• age
  • weight
  • gender
  • smoking history
  • alcohol use and
  • whether you have had one or more broken bones in the past.

Your doctor will use your DEXA scan and FRAX scores to decide whether you should take a bone building drug.

Cancer Treatments that Increase Your Risk of Osteoporosis

Some cancer treatments can cause your bones to become thinner and break more easily. This type of bone loss occurs more rapidly and is more severe than bone loss that typically occurs in women and men as they age.

People with breast, ovarian, or prostate cancer are at highest risk for osteoporosis. They often get treatments that reduce the hormones that help their cancer grow. But the same hormones also control how fast the osteoblasts and osteoclasts work. Reducing the hormone levels slows the cells down, resulting in bone loss.

Women Who are Most at Risk

Certain cancer treatments increase risk for osteoporosis. The women most at risk have:

  • Breast cancer treated with an aromatase inhibitor—anastrozole (Arimdex®), letrozole (Femara®) or exemestane (Aromasin®). If you are on an aromatase inhibitor, you should have bone density tests every two years, take calcium and vitamin D supplements, and talk to your doctor about whether to take a bone building drug.
  • Breast cancer treated with tamoxifen (Nolvadex®) before they reach menopause. For these women, tamoxifen may slightly increase the risk of broken bones. In women who are menopausal, tamoxifen increases bone density.
  • Cancer treatments that put them into early menopause. This can be chemotherapy, drugs that stop the ovaries from producing estrogen, or surgery to remove the ovaries.

Note to women with early-stage breast cancer: Your breast cancer treatment may include a bisphosphonate, typically zolendronate (Zometa®). It helps reduce your risk of having your cancer come back (recur) and spread to your bones. If your doctor suggests you take a bisphosphonate, be sure to ask whether the treatment is for osteoporosis or for your cancer. Treatments to prevent cancer from coming back are given more often (every six months) and for about 3 to 5 years.

Men Who are Most at Risk

Certain cancer treatments increase risk for osteoporosis. The men most at risk have:

  • Low testosterone as a result of cancer treatment.
  • Prostate cancer that is treated with androgen deprivation therapy (also called hormone therapy or androgen suppression therapy). These therapies include:
    • orchiectomy (surgery to remove the testicles)
    • luteinizing hormone-releasing hormone (LHRH) agonists, such as leuprolide (Lupron®, Eligard®), goserelin (Zoladex®), triptorelin (Trelastar®) and histerelin (Vantas®)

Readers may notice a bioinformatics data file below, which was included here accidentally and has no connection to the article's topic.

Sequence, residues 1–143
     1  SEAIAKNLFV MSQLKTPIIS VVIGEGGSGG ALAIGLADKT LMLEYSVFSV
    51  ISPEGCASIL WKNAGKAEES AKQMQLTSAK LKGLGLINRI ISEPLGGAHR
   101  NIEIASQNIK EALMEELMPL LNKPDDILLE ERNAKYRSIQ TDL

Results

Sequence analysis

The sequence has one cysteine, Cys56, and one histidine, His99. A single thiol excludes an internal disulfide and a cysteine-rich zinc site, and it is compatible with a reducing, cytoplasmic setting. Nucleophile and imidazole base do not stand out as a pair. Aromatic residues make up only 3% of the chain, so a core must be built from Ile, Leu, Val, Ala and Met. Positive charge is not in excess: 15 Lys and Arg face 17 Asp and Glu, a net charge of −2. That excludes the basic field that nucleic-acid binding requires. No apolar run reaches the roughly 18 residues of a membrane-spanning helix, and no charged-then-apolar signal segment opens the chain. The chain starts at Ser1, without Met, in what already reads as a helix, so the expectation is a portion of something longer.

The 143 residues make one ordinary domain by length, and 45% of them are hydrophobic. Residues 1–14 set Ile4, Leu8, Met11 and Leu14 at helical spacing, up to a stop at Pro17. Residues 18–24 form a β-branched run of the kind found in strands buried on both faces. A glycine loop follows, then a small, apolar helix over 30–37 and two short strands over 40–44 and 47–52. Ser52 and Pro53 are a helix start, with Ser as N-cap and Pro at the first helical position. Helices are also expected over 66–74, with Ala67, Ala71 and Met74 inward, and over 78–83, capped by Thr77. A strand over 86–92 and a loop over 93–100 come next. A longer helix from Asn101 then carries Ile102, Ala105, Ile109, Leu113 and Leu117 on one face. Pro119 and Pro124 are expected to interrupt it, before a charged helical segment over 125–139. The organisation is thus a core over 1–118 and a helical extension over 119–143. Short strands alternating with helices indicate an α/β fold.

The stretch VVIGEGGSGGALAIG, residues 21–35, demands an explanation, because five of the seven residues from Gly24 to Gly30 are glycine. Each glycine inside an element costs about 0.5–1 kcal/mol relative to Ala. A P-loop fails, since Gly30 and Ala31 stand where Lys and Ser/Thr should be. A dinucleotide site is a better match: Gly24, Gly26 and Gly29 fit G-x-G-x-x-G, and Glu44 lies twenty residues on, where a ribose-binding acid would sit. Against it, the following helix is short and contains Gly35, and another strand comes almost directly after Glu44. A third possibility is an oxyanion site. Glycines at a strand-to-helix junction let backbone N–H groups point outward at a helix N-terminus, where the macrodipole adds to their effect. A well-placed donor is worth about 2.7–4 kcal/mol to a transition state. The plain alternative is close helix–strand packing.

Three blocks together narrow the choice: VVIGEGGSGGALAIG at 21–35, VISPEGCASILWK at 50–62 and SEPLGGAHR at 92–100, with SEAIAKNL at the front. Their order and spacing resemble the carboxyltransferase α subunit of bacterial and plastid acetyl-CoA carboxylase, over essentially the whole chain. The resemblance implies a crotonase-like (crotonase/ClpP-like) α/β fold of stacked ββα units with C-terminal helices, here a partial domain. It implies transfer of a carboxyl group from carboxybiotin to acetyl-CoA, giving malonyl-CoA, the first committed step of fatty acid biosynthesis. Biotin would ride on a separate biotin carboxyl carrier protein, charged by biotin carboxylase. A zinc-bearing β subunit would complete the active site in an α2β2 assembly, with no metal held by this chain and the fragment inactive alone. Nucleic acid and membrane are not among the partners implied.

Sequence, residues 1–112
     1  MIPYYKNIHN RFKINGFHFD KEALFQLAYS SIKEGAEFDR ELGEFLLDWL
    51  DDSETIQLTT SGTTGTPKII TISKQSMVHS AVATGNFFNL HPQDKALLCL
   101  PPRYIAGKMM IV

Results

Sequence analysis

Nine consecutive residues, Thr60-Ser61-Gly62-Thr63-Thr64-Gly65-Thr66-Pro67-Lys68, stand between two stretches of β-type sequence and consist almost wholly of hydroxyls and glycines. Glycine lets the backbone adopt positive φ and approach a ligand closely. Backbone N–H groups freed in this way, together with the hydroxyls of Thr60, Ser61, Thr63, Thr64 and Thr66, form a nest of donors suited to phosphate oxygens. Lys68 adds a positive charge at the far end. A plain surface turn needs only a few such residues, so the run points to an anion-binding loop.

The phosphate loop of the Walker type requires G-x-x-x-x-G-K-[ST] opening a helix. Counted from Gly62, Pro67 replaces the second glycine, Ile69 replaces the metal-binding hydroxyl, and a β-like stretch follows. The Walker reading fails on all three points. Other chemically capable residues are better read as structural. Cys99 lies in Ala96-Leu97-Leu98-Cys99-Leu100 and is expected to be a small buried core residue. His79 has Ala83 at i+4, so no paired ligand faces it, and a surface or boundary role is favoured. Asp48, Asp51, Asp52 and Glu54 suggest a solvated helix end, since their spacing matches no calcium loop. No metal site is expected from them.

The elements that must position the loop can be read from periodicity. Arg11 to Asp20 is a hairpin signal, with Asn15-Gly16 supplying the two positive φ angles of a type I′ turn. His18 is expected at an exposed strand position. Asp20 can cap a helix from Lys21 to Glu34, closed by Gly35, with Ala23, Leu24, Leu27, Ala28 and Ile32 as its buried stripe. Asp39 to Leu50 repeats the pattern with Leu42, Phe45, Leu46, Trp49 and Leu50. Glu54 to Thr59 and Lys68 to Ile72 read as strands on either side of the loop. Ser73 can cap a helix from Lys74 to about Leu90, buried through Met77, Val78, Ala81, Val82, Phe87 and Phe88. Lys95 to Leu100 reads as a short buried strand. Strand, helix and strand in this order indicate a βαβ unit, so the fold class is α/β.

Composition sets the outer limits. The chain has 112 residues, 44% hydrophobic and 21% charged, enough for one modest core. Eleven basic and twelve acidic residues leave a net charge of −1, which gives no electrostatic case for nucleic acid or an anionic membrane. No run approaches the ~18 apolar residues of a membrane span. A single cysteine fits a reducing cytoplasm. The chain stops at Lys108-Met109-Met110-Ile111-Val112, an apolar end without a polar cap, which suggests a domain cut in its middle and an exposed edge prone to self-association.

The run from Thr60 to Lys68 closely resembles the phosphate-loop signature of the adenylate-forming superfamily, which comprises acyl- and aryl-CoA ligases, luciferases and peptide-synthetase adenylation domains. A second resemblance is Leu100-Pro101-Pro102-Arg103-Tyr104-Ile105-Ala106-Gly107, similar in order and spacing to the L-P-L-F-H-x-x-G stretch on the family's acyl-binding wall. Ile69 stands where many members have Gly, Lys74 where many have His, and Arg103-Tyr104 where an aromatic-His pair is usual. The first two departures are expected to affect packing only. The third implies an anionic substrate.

• LHRS agonists such as degarelix (Firmagon®)
    • the CYP17 inhibitor abiraterone (Zytiga®)
    • the hormone blocker ketoconazole (Nizoral®)

If you are on these treatments, it will be important to have bone density tests every two years, take calcium and vitamin D supplements, and talk to your doctor about whether to take a bone-building drug.

Other Cancer Treatments that Increase Risk

These cancer treatments also increase risk for bone loss in women and men:

  • Radiation to weight bearing bones (spine, hips, legs). Radiation weakens the bone and can cause osteoporosis by damaging osteoblasts and osteoclasts.
  • Allogenic (receiving a donor’s) stem cell and bone marrow transplants.
  • Steroids known as glucocorticoids, such as prednisone, prednisolone, dexamethasone, and cortisone.
  • Surgical removal of the stomach (gastrectomy).

Survivors of childhood cancers are also at higher risk of developing osteoporosis.

It is important for people who have been treated for cancer to do things to help maintain bone density. If you started taking medicine to treat osteoporosis before your cancer diagnosis, you can still take steps to keep your bones healthy. These include:

  • Not smoking—it makes bone loss happen faster
  • Limiting alcohol to one drink a day (for women) or two (for men)
  • Eating a diet rich in calcium and vitamin D
  • Exercising
  • Preventing falls

Calcium and Vitamin D

Try to get your daily recommended levels of calcium and vitamin D from the food you eat. Good sources of calcium include:

  • Low-fat dairy products, like yogurt
  • Kale and other dark green, leafy vegetables like spinach, collard greens, turnip greens, and bok choy (a kind of Chinese cabbage)
  • Broccoli, acorn squash, butternut squash, and okra
  • Canned salmon or sardines with bones